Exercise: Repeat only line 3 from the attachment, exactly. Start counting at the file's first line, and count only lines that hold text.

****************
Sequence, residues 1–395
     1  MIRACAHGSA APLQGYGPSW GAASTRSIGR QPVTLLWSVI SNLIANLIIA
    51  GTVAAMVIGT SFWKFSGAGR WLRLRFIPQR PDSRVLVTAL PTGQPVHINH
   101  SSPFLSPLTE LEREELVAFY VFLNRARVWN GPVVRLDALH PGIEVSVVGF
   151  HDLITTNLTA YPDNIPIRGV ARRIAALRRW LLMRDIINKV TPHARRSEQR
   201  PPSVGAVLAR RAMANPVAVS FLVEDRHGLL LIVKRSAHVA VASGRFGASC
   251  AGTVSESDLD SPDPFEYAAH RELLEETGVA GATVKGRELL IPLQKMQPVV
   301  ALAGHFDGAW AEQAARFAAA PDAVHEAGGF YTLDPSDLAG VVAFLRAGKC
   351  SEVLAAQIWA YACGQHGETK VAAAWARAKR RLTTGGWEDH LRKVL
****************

    51  GTVAAMVIGT SFWKFSGAGR WLRLRFIPQR PDSRVLVTAL PTGQPVHINH